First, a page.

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Appointment Of Judges To The Supreme Court Of India by Edited by Arghya Sengupta and Ritwika Sharma, Oxford University Press

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  • General Information  
    Author(s)Edited by Arghya Sengupta and Ritwika Sharma
    PublisherOxford University Press
    Publish YearAugust 2018


    Oxford University Press Appointment Of Judges To The Supreme Court Of India by Edited by Arghya Sengupta and Ritwika Sharma

    Appointment of Judges to the Supreme Court of India : Transparency, Accountability, and Independence
    Edited by Arghya Sengupta and Ritwika Sharma

    The National Judicial Appointments Commission (NJAC) judgment, on the appointment of judges to the Supreme Court, has been the subject of a deeply polarized debate in the public sphere and academia. 
    This volume analyses the NJAC judgment, and provides a rich context to it, in terms of philosophical, comparative, and constitutional issues that underpin it. The work traces the history of judicial appointments in India; examines the constitutional principles behind selecting judges and their application in the NJAC judgment; and comparatively looks at the judicial appointments process in six select countries—United Kingdom, South Africa, Canada, Pakistan, Sri Lanka, and Nepal—enquiring into what makes a good judge and an effective appointments process. 
    With wide-ranging essays by leading lawyers, political scientists, and academics from India and abroad, the volume is a deep dive into the constitutional concepts of judicial independence and separation of powers as discussed in the NJAC judgment. 

    About the Editors
    Arghya Sengupta is the founder and research director at the Vidhi Centre for Legal Policy, New Delhi, India. 
    Ritwika Sharma is a candidate for the LLM (2017–18) at the Faculty of Law, University of Cambridge, UK.

    Table Of Contents:


    Justice Jasti Chelameswar 


    I. The History of Judicial Appointments in India 
    1. From Kania to Sarkaria: Judicial Appointments from 1950 to 1973 
    Suchindran B.N. 
    2. A Committed Judiciary: Indira Gandhi and Judicial Appointments 
    T.R. Andhyarujina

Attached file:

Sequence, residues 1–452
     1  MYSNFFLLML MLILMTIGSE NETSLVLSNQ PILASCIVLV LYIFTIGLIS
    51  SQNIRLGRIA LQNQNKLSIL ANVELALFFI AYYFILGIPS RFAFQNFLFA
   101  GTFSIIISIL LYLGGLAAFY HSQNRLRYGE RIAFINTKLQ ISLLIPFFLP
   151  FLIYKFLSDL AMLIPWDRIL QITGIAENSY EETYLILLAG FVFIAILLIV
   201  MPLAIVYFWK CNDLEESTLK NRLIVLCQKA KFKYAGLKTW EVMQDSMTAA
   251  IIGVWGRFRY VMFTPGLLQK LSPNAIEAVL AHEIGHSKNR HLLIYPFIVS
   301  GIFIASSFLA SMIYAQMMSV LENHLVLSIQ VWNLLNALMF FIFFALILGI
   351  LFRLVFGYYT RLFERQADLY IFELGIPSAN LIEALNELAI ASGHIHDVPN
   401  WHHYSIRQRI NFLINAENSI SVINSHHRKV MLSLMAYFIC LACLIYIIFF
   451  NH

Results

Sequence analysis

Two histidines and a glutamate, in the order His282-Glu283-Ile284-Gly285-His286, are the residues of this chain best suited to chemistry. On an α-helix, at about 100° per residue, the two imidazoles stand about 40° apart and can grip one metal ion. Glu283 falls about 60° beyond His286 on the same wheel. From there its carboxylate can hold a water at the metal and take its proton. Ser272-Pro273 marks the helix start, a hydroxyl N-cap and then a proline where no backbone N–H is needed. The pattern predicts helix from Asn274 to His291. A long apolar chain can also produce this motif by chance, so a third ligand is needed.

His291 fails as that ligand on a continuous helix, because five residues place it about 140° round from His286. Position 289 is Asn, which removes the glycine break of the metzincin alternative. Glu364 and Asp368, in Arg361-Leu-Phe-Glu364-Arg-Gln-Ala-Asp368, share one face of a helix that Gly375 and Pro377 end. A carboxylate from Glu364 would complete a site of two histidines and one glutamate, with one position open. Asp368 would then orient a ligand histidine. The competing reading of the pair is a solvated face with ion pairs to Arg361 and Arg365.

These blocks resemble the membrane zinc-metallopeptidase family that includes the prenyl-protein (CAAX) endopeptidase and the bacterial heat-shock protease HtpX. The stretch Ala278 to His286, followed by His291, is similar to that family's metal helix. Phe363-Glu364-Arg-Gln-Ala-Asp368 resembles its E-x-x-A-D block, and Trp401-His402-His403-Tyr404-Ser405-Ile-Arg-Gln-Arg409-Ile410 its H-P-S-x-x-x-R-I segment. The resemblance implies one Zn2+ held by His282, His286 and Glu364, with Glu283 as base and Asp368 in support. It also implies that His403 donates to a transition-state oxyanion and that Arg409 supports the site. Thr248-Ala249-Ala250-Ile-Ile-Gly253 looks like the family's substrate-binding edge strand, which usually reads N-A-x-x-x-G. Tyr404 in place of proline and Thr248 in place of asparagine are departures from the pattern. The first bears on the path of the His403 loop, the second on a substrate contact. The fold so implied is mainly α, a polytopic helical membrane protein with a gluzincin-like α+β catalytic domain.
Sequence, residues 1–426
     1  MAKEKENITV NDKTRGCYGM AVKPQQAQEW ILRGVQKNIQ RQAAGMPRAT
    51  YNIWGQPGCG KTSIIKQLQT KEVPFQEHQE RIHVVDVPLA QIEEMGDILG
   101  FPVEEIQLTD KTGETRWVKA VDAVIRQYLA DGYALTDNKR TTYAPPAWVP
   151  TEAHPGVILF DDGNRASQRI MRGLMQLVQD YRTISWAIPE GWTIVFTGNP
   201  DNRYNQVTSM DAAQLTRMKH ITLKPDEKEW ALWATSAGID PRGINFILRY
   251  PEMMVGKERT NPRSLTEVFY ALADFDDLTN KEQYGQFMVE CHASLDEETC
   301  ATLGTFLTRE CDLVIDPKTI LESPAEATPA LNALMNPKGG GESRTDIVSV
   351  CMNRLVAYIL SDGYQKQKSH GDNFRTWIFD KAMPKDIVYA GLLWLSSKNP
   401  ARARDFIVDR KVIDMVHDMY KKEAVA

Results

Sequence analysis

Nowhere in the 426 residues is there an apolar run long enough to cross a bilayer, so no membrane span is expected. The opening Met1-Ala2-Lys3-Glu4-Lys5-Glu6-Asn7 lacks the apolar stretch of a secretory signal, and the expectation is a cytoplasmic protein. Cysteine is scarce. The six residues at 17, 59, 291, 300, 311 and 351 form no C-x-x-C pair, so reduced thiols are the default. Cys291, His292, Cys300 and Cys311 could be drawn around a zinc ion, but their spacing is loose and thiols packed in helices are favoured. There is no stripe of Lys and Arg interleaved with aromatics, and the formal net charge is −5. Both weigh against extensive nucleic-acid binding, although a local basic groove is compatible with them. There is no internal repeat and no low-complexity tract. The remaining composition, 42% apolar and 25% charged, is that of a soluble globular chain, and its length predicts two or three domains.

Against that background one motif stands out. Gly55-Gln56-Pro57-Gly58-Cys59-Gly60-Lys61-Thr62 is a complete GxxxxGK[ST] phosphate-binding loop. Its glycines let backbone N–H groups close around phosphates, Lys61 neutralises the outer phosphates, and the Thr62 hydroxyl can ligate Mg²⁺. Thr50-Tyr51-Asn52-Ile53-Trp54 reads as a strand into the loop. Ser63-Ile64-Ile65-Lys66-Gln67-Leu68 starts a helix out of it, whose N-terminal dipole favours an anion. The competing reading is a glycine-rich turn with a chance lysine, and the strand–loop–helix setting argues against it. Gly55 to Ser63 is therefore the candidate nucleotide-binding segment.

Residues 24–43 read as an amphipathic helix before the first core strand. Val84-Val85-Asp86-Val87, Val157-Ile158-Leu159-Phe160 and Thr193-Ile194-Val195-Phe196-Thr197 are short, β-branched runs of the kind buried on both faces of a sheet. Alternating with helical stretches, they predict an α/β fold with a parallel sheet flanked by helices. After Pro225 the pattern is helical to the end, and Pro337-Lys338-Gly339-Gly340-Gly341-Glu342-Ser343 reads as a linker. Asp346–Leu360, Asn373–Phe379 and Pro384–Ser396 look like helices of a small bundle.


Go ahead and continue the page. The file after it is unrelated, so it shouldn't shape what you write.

3. Recovering Lost Ground: The Case of the Curious Eighties 
    A.K. Ganguli 
    4. The Judicial Collegium: Issues, Controversies, and the Road Ahead 
    Arun Jaitley 
    5. A Plague on Both Your Houses: NJAC and the Crisis of Trust 
    Pratap Bhanu Mehta 

    II. The Analysis of the NJAC Judgment 
    6. Judicial Review and Parliamentary Power: Reorienting the Balance 
    K.T. Thomas 
    7. Checks and Balances Revisited: The Role of the Executive in Judicial Appointments 
    Mukul Rohatgi 
    8. Opening up Appointments: Civil Society Participation in the NJAC 
    Madhavi Divan 
    9. The Obvious Foundation Test: Re-inventing the Basic Structure Doctrine 
    Raju Ramachandran and Mythili Vijay Kumar Thallam 
    10. Eight Fatal Flaws: The Failings of the National Judicial Appointments Commission 
    Arvind Datar 
    11. The Sole Route to an Independent Judiciary?: The Primacy of Judges in Appointment 
    Gautam Bhatia 
    12. Justice Lokur’s Concurring View: The Future of Appointments Reform 
    Alok Prasanna Kumar 
    13. Justice Chelameswar’s Dissent: Reforming to Preserve 
    Arghya Sengupta 
    14. The NJAC Case and Judicial Independence: Conceptual and Contextual Safeguards 
    Gopal Subramanium 

    III Comparative Perspectives 
    15. Comparative Law in the NJAC Judgment: A Missed Opportunity 
    Suhrith Parthasarathy 
    16. Judicialization of Judicial Appointments?: A Response from the United Kingdom 
    Chintan Chandrachud 
    17. South Africa—Analysing a Commission Model 
    Chris McConnachie 
    18. Appointments to the Supreme Court of Canada: Procedures and Controversies 
    Peter McCormick 
    19. Judicial Appointments in Pakistan: The Seminal Case of the 18th Amendment 
    Sameer Khosa 
    20. Judicial Appointments in Sri Lanka: A Politicized Trajectory 
    Rehan Abeyratne 
    21. Appointments to the Supreme Court of Nepal: A New Beginning 
    Semanta Dahal 


    About the Editors and Contributors

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